It’s time for the second elder wisdom report from our summer interns! Rachel Tannenbaum is a senior majoring in Human Development at Cornell University. Here’s what she learned about marriage from a wise pair of elders:
I had the privilege of conducting the interview with Selma in person. Upon entering her home, I was greeted enthusiastically by Selma and her husband Arthur. Only minutes had passed before it become evident as to why they are considered “one of the sweetest and most genuine couples in the community.” Arthur sat by Selma’s side, ensuring that she was comfortable throughout our time together. I was truly looking forward to hearing their advice about maintaining a loving relationship.
Selma, age 88 and Arthur, age 90, have been married for 66 years. Selma was very excited to tell me about their relationship. To start, she shared what she considers a critical trait in a good partner:
One that respects you and treats you like a lady. We’re married for 66 years, and my husband still treats me as a lady and with a great deal of respect.
Selma continued to explain how they have managed to live happily together for so many years:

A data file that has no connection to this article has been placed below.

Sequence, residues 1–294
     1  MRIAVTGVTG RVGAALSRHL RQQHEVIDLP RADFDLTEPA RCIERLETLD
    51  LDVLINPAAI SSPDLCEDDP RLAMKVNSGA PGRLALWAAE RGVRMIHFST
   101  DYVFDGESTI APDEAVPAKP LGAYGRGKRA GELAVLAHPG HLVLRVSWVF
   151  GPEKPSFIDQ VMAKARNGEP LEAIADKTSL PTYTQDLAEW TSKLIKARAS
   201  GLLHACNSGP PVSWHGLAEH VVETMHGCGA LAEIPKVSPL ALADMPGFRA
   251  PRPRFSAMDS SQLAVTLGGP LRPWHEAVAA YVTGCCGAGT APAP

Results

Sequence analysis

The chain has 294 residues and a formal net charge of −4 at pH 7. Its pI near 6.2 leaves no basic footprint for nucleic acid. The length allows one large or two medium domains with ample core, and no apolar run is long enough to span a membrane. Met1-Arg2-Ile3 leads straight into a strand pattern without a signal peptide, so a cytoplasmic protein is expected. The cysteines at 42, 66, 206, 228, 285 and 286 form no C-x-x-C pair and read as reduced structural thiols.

We lived a very good life – not monetarily, but we realized our limitations and we just lived that way. We learned not to expect things that are difficult for a husband or wife to achieve. Whatever my husband earned, that was okay, we made out.
Arthur added, “We had fun, we enjoyed life.” That is not to say that the two perceive marriage as an easy process. They do agree that marriage is tough, and that differences and complexities arise along the way. However, they have developed practices that have helped them successfully overcome these issues.
Arthur was eager to join our conversation and share what he believes has contributed to their strong marriage:
We started off by saying to each other that we resolve our arguments if we can, before the night comes, and try to wake up with a clean slate. If you take your arguments to bed, they become enlarged and the next morning you wake up and don’t remember what the argument was about but still retain your anger.
From the genuine interactions I witnessed between Selma and Arthur, it was clear that they continue to adhere to this practice. Many people have a tendency to leave conflicts unresolved and questions unanswered, hoping that “sleeping on them” will improve the situation. As Selma and Arthur have demonstrated, discussing even the most minor differences allows for a successful relationship!